Her body like Gary's seems to frame the art of who she has become: A refined vessel striving to be free of impurities. Jan articulated the importance of our choice of words and the tense in which we instruct.  Why say something as unrefined as "grab"?  Use the active tense.  Demonstrate in first person and instruct in second person, so you command your audience and are able to teach them more effectively.   

Gary added a vivid way of describing the initial demonstration of the pose.  He said you have to set up the "skelton of the pose" for the student.  As teachers and experienced practitioners know, we don't want to move forward until we've established a steady base.  Therefore only when a student has the basic framework of the pose can we as teachers begin to build on it. 

Though I look forward to more, I only got a snippet of Gary's knowledge of Yoga Philosophy and the Sutras with his discussion on the meaning and purpose of Samyama:  the synthesis of Dharna (single-pointed focus), Dhyana (meditation), and Samadhi (absorption). He articulated this to be when the known, the knower, and the instrument of knowing become one. 

As for my peer teaching, I did a "smidgen" better than I did in my last training. I felt I got a better handle on an old and tricky negative Samskara (mental imprint). My goal when I went to Nashville was not only to learn from other teachers, but also to test my levels of what certified Iyengar teacher, Rachel Mathenia recounted in her peer teaching:  BKS Iyengar's "yoga vitamins" faith (sraddha), vigor (virya), memory (smrti), concentration (samadhi), and wisdom (prajna) based on Patanjali's Yoga Sutra 1:20.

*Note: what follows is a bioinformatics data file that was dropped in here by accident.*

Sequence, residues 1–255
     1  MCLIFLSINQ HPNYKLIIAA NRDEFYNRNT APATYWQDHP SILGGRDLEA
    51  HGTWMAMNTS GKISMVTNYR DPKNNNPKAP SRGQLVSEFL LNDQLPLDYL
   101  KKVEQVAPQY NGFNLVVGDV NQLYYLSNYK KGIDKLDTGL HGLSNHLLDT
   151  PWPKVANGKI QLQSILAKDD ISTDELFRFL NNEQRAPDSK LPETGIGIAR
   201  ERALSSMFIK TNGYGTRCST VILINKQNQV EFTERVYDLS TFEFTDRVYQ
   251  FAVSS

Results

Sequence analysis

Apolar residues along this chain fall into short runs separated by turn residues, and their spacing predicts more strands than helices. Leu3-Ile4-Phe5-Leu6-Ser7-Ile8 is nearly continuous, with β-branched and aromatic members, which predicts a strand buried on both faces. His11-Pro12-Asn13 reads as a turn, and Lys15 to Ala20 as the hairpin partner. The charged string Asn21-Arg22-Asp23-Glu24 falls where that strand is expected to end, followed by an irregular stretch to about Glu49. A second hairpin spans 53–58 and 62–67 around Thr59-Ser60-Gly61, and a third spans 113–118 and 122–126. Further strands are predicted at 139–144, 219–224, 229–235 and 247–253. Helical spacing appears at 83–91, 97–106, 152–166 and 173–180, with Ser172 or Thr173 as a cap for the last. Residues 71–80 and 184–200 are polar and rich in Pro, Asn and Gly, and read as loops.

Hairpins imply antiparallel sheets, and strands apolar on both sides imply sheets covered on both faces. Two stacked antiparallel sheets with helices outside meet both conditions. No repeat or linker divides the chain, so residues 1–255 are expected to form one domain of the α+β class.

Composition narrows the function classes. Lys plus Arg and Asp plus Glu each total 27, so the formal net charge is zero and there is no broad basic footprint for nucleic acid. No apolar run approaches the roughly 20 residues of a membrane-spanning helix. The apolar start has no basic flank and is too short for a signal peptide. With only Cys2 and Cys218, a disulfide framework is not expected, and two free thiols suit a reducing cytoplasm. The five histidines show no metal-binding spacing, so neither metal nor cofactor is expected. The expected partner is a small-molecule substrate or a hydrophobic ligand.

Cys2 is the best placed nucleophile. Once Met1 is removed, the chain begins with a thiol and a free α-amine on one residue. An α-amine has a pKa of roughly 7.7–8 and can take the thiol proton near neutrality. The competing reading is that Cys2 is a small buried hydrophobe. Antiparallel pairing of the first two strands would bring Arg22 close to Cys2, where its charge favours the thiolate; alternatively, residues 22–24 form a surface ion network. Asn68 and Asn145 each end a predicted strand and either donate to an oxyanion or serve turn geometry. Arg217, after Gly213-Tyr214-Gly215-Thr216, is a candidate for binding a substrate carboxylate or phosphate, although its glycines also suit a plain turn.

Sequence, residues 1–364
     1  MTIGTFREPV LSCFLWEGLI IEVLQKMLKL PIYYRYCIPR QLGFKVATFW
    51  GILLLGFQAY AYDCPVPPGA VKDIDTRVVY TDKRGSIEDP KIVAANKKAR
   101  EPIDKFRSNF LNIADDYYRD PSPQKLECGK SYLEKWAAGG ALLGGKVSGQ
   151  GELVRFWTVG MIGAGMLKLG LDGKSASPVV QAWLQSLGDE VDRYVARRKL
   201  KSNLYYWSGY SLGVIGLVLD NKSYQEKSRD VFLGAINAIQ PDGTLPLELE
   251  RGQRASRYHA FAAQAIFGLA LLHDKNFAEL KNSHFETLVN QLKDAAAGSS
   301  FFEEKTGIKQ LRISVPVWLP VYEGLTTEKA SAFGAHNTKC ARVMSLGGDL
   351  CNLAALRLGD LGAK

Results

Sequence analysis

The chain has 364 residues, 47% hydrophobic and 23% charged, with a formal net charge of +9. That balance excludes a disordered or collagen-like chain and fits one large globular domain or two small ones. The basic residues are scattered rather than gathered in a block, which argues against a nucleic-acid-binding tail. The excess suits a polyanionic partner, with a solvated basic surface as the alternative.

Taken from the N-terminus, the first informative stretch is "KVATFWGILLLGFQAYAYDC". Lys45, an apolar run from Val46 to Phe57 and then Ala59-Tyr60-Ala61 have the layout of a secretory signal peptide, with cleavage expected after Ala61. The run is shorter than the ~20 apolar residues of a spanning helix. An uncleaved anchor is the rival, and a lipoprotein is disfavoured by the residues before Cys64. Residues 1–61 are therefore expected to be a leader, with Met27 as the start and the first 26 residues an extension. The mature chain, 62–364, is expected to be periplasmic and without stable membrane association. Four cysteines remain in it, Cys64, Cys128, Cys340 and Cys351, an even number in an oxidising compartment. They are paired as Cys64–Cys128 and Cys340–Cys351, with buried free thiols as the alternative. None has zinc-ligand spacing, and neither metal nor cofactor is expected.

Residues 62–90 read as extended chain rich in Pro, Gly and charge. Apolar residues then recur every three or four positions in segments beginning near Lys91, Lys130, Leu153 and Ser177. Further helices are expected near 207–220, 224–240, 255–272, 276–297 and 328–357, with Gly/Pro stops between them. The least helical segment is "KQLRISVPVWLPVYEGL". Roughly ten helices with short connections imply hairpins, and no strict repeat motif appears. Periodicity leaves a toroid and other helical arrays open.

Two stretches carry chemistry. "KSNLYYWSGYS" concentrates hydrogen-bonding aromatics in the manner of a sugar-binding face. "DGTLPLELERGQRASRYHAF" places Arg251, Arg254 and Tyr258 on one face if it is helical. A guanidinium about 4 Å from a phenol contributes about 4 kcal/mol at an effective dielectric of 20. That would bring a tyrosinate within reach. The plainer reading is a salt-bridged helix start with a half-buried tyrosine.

Challenging myself in a different state, at different studios, with different students, and around different judges helped me know how well I am overcoming my afflictions. Of course, I need to keep taking my yoga vitamins. I don't have nerves of steel yet,  but I know one day with concentrated abhyasa (practice) and vairagya (detachment) I will get them.

I want to thank Sam & Lily for being such wonderful hosts, and Paige for welcoming me to her class, as well as all of the special people who were part of my Nashville adventure. I would also like to give a big Thank You to Jan and Gary for their insights and inspirations.